American Diabetes Association Applauds the Signing of Arkansas House Bill 1395

Alexandria, Virginia
April 8, 2015

The American Diabetes Association (Association) is thrilled to announce the passage of Arkansas House Bill 1395, the latest victory in the Association’s ongoing fight to keep children with diabetes medically safe at school. This bill, signed in to law last Thursday by Governor Asa Hutchinson, will allow school staff to volunteer to be trained to provide basic diabetes care, including administering insulin and strengthen the tenet that allows children, if they are capable to do so, to self- manage their diabetes while at school.

The bill, which passed 79-4 in the House and 30-1 in the Senate, was sponsored by State Representative Bill Gossage and Senator Joyce Elliott. In addition, the Speaker of the House Jeremy Gillam supported the bill in committee and on the House floor.

“The American Diabetes Association thanks Governor Asa Hutchinson, Senator Joyce Elliott, State Representative Bill Gossage and Speaker of the House Jeremy Gillam for their support of House Bill 1395, the Arkansas Safe at School legislation. This legislation is critical to protecting the health of all children with diabetes in Arkansas,” said Connie Fetters, Arkansas State Advocacy Chair, American Diabetes Association. “Because of this law, parents of children with diabetes will no longer have to worry about getting the support at school needed to help keep their child heatlhy.”

Devoted Association volunteers, including Connie Fetters, Carol Nichols, and Laura Kendall and her daughter Jane, were instrumental in advocating for Safe at School legislation in Arkansas. The Association’s Executive Director of Arkansas Renee Paulsell, along with Rick Selig in the Association’s Little Rock office and NW Arkansas staff Natalie Burchit were also steadfast in their support throughout the process.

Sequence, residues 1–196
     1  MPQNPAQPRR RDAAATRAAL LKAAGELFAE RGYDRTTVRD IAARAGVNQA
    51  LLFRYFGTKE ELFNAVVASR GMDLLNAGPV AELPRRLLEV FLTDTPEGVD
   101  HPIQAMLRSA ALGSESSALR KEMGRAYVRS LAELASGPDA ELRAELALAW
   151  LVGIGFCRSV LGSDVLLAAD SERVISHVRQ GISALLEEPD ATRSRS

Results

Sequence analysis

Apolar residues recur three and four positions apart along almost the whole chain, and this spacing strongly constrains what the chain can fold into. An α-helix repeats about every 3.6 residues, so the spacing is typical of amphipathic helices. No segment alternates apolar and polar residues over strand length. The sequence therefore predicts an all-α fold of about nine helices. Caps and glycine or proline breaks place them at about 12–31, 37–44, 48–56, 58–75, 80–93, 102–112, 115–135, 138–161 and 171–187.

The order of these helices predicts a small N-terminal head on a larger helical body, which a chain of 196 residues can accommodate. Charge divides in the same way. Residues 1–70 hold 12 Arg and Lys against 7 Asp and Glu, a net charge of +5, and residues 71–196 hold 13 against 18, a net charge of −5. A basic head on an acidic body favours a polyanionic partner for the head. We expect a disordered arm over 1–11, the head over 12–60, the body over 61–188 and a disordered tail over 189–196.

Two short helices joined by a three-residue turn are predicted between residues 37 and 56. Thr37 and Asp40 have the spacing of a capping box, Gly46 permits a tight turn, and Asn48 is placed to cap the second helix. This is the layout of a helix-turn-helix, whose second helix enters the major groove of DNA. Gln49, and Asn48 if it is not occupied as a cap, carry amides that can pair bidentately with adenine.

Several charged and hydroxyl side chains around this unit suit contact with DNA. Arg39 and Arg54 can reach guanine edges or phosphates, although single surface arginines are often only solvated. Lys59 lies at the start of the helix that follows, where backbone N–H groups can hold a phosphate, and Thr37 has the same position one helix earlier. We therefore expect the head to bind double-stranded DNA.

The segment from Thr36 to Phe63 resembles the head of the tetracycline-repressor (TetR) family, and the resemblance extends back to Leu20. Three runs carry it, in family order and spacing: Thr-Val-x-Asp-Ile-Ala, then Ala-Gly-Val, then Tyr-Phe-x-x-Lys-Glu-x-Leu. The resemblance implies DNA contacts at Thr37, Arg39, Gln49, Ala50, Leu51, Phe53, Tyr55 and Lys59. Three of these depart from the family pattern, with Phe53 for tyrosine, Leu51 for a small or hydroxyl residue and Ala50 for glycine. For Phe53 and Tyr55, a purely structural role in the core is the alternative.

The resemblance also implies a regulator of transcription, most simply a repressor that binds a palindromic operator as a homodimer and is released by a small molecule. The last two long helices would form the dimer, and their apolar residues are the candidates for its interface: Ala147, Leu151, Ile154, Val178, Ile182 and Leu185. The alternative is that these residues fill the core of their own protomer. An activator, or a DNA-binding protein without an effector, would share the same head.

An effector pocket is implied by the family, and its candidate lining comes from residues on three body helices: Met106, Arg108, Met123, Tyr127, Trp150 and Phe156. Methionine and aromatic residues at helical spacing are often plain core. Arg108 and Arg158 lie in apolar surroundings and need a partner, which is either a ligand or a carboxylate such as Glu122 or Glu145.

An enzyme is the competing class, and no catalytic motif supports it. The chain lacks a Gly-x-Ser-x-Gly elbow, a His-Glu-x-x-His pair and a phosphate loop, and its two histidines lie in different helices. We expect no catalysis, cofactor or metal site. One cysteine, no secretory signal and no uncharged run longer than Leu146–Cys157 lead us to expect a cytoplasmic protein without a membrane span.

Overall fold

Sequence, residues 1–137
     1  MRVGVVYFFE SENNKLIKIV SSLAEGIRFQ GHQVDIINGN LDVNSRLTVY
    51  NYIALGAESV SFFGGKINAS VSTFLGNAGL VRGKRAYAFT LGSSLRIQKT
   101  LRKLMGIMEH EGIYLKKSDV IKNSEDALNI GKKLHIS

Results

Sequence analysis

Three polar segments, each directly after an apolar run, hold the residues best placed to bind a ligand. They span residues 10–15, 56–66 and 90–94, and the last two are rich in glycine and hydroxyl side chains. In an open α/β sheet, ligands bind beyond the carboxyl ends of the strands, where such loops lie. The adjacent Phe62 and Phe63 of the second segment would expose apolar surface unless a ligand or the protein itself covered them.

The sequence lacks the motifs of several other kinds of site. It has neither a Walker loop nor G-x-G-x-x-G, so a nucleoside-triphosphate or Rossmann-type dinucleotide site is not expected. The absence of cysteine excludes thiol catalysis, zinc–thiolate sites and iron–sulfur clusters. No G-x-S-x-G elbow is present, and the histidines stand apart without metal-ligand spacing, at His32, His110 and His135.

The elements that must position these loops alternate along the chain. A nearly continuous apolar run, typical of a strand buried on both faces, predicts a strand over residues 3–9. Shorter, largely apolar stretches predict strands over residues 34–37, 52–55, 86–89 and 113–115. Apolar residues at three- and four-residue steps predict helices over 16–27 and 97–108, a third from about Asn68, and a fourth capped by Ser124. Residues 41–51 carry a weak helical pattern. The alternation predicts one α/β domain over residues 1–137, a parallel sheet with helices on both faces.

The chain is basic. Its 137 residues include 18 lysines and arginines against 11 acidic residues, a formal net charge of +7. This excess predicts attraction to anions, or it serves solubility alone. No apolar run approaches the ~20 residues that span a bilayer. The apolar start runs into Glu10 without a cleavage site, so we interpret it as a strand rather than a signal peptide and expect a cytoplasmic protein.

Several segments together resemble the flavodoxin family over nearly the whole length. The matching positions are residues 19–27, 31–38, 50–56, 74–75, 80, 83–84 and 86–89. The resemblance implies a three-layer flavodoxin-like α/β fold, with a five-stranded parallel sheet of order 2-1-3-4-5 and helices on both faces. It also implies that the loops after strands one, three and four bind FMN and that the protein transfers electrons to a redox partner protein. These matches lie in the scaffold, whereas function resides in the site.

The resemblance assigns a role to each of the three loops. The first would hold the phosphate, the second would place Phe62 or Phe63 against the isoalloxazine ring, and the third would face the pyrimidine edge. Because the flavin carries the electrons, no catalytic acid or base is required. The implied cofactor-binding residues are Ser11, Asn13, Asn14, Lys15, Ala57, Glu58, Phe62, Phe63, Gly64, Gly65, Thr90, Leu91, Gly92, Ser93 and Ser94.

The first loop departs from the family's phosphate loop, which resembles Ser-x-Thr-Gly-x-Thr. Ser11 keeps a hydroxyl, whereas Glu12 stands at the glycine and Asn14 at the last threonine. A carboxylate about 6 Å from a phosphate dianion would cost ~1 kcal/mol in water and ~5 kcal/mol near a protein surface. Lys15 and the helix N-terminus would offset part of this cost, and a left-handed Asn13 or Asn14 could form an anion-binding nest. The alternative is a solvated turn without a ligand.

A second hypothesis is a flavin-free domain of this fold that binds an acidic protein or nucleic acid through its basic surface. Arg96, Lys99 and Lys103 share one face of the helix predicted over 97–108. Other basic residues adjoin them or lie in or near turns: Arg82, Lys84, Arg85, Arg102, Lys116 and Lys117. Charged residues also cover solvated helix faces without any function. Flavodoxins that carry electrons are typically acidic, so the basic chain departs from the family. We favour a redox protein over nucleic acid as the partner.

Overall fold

An estimated 208,000 children are diagnosed with diabetes in the United States. These children have a disease that must be managed 24/7, including the many hours spent at school, on field trips and in extra-curricular activities. Every day, children with diabetes are put at serious risk if no one, including a school nurse, is present at school to help with daily and emergency diabetes care. The passage of House Bill 1395 will remove that risk by allowing school employees who volunteer to be trained to assist with the diabetes care these children need and deserve to learn and be healthy.

To address barriers to diabetes care at school, the Association created its Safe at School campaign. Through this campaign, the Association is dedicated to making sure that all children with diabetes are medically safe at school and have the same educational opportunity as their peers.  
 

About the American Diabetes Association

Nearly half of American adults have diabetes or prediabetes; more than 30 million adults and children have diabetes; and every 21 seconds, another individual is diagnosed with diabetes in the U.S. Founded in 1940, the American Diabetes Association (ADA) is the nation’s leading voluntary health organization whose mission is to prevent and cure diabetes, and to improve the lives of all people affected by diabetes. The ADA drives discovery by funding research to treat, manage and prevent all types of diabetes, as well as to search for cures; raises voice to the urgency of the diabetes epidemic; and works to safeguard policies and programs that protect people with diabetes. In addition, the ADA supports people living with diabetes, those at risk of developing diabetes, and the health care professionals who serve them through information and programs that can improve health outcomes and quality of life. For more information, please call the ADA at 1-800-DIABETES (1-800-342-2383) or visit diabetes.org. Information from both of these sources is available in English and Spanish. Find us on Facebook (American Diabetes Association), Twitter (@AmDiabetesAssn) and Instagram (@AmDiabetesAssn)